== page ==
The iMessage version of Android is based on a wireless standard called Rich Communication Services (RCS) and should replace SMS texts.
"Text messaging is largely based on the SMS standard, which lacks many modern features such as sharing high-quality photos and media or messaging over Wi-Fi," said Sanaz Ahari, managing director of Google products. "We just felt we had to address the needs of the user."
Dan O'Connell, an analyst at research firm Gartner, said Google has long needed to catch up with Apple's iPhone and RCS is the way to go.
"They hoped that service providers would work on RCS support themselves," he said. "But it was happening very slowly, so I think
But implementation may not be as seamless as Google had hoped.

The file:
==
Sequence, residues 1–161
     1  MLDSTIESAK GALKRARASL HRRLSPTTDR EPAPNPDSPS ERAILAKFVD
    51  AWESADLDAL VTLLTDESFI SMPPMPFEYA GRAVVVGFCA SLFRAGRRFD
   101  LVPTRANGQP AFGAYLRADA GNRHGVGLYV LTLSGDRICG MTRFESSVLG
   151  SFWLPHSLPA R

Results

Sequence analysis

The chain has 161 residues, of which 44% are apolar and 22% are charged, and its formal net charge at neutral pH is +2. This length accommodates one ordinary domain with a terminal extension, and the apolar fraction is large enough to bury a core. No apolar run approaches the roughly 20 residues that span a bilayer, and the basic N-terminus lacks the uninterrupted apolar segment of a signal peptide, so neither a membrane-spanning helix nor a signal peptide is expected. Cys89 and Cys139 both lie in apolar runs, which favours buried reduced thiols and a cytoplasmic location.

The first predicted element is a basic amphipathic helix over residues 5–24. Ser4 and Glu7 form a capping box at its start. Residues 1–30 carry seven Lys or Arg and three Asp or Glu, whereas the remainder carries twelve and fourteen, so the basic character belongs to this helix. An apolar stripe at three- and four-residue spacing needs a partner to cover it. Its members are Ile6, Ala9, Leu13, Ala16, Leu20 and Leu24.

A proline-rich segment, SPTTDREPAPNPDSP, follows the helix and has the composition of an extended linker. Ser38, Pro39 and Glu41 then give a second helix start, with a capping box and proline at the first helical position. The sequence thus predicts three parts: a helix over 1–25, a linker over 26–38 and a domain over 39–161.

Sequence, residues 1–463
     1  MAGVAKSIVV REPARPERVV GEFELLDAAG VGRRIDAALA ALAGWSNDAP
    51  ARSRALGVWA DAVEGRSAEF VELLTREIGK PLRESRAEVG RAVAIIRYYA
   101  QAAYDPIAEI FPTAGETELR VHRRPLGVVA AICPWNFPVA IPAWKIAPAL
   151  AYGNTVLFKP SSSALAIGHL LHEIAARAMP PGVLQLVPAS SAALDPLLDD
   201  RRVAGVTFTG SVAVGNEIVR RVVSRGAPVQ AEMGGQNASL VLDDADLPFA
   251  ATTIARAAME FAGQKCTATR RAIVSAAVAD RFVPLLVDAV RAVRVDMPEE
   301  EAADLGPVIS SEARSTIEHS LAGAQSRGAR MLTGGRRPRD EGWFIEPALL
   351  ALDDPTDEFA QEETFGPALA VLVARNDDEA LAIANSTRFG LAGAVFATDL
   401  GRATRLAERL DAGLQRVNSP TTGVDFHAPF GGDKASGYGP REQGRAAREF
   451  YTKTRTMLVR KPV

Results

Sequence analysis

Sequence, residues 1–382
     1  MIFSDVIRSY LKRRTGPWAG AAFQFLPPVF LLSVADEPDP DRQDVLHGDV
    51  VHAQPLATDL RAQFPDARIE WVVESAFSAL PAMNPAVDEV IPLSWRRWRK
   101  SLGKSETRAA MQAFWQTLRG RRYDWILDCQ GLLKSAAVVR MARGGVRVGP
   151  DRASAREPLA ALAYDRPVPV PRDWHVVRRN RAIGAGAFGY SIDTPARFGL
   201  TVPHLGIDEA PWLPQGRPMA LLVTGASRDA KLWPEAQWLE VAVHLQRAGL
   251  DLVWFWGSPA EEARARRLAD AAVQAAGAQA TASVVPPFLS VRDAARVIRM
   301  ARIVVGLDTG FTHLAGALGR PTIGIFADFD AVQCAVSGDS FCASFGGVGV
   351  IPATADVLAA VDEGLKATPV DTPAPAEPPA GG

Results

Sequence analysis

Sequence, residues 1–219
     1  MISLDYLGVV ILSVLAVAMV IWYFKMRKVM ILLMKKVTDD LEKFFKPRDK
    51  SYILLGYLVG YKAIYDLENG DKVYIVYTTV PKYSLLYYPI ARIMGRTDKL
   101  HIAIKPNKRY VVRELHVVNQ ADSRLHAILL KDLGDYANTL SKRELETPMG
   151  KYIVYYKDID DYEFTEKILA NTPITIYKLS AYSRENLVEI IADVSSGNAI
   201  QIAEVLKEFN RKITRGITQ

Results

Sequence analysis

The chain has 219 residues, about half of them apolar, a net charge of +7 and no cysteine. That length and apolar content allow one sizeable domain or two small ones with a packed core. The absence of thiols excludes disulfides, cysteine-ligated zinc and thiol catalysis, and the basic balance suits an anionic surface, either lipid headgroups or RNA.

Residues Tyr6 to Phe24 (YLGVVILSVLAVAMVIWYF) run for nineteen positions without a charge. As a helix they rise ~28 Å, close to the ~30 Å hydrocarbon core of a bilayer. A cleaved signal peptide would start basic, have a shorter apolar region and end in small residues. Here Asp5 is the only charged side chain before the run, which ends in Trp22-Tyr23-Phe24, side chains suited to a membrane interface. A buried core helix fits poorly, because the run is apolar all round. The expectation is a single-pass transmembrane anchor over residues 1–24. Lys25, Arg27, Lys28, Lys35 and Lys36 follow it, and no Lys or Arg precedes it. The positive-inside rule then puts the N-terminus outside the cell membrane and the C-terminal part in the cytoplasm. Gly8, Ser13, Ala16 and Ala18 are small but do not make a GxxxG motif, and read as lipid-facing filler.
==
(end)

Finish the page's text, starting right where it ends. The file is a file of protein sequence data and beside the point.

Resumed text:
First, there is the privacy issue. Unlike iMessage, WhatsApp and Signal, RCS does not offer end-to-end encryption. Google may still technically see messages as they arrive on their servers and may have to forward them to the authorities if requested. This can worry Android users and security advocates.
"Google's servers interact with the servers of the carrier's services and to make sure everything is fully synchronized carries a degree of risk," says O & # 39; Connell, a Gartner analyst. This can be a problem, "if Google makes an update and it does not spread to carriers."
Google has tried different chat solutions in the past – Allo, Hangouts, Duo and Android Messages. And despite its history of non-functional messaging, Android has dominated the market through its numerous partnerships with carriers and lower prices. In 2018, an astounding 74% of smartphones sold worldwide are moving to Android, according to Gartner.